And so we turn now to one of my faves, Sophia of the Palatinate, a woman who, had she lived only a few weeks longer, would have succeeded Queen Anne on the throne. It is because of her that the House of Hanover was founded and she’s the line’s true matriarch, making her a direct ancestor to the current queen and the rest of today’s Royal Family.
Of her birth, Sophia once wrote:
“I was born, they tell me, October 14, 1630, and being the twelfth child of my the King my father and of the Queen my mother, I can well believe my birth caused them but little satisfaction. They were even puzzled to find a name and godparents for me, as all the kings and princes of consideration had already performed this office for the children that came before me.”
Sophia’s father was Frederick V, the short-lived King of Bohemia who was given the moniker the “Winter King” for his brief reign from 1619 to 1620. In 1613 he married Elizabeth Stuart, the only daughter of James I and Anna of Denmark, thus linking his house with that of England and Scotland. Elizabeth, born in 1596 in Scotland, traveled with her parents to London in 1603 when her father succeeded Elizabeth I, thus founding the House of Stuart. A granddaughter of Mary, Queen of Scots and descendant of Henry VII, she also boasted Tudor and Plantagenet blood, making her about as British as they come, plus a dash of the Danes.
Her 1613 wedding was a lavish affair in London and the marriage resulted in 13 children, the 12th of which was, yes, Sophia. By birth order alone, there was no reason for Sophia to have become important and it’s worth noting that she reached fame not by marriage, but by her own lineage. Hanover accessed Britain through Sophia and not the other way around.
By the time Sophia was born in 1630, Frederick and Elizabeth had lost Bohemia and were living as exiles at The Hague in Holland. A final child, Gustavus Adolphus, was born in January 1632, however just 10 months later Frederick gave in to a long-term illness and passed away. At the time, Elizabeth’s younger brother, Charles I, sat on the English throne and he invited his grieving sister to return to England with her children, but she declined. Instead, she dedicated herself to the inheritance of her eldest son, Charles Louis, in the hopes he would reclaim the family’s hold of the Palatinate.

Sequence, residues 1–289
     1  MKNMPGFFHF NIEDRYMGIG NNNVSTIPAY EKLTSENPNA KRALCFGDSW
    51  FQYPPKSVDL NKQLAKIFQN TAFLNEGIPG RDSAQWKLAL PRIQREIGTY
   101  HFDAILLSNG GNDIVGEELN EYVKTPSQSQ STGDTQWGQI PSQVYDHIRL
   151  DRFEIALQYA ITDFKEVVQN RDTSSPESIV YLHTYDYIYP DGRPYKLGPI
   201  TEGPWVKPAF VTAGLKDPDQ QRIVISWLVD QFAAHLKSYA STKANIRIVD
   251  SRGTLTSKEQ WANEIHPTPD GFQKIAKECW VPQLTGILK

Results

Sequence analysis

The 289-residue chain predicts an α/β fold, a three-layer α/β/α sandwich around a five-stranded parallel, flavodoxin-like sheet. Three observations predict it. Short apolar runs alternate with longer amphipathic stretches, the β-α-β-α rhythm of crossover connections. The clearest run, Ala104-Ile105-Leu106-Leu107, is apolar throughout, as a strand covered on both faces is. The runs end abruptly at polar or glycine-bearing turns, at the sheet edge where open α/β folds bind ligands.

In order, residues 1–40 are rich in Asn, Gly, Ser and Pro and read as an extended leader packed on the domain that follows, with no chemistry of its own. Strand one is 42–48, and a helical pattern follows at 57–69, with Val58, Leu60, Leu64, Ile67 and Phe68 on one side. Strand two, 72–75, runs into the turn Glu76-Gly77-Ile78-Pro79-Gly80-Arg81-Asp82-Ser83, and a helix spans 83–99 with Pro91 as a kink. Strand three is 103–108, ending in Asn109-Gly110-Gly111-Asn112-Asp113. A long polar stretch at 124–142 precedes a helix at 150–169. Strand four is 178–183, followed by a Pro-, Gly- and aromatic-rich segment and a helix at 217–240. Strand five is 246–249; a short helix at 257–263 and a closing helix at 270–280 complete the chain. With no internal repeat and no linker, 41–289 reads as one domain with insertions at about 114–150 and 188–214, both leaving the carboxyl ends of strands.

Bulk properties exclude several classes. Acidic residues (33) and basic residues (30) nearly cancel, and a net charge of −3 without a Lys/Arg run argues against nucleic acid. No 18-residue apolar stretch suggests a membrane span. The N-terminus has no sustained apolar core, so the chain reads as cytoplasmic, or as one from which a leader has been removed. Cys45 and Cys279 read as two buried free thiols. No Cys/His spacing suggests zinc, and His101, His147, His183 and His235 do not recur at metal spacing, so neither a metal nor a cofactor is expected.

Sophia was raised and educated away from her mother in a royal nursery that oversaw the day-to-day care of the children. Later on, Sophia would complain that her mother cared more for her animals than her children, though in reality Elizabeth might have simply cared more for the state of European diplomacy given her preoccupation with Charles Louis’s inheritance. Regardless, she wasn’t an attentive mother and with 13 to keep track of, what attention she did devote had to be spread between many.
Perhaps she should have taken more care, because many of her children went on to make rather curious life choices, none of which were the norm and all of which helped bring about a scenario in which her 12th child became her successor despite a plethora of boys. Thanks to early deaths, Catholic conversions, convent-led lives and a slew never marrying, the oft-dismissed Sophia rose in prominence as she grew older. There was little indication of it in her youth given that she was plain, scrawny and pale – indeed even Sophia didn’t think she was long for the world.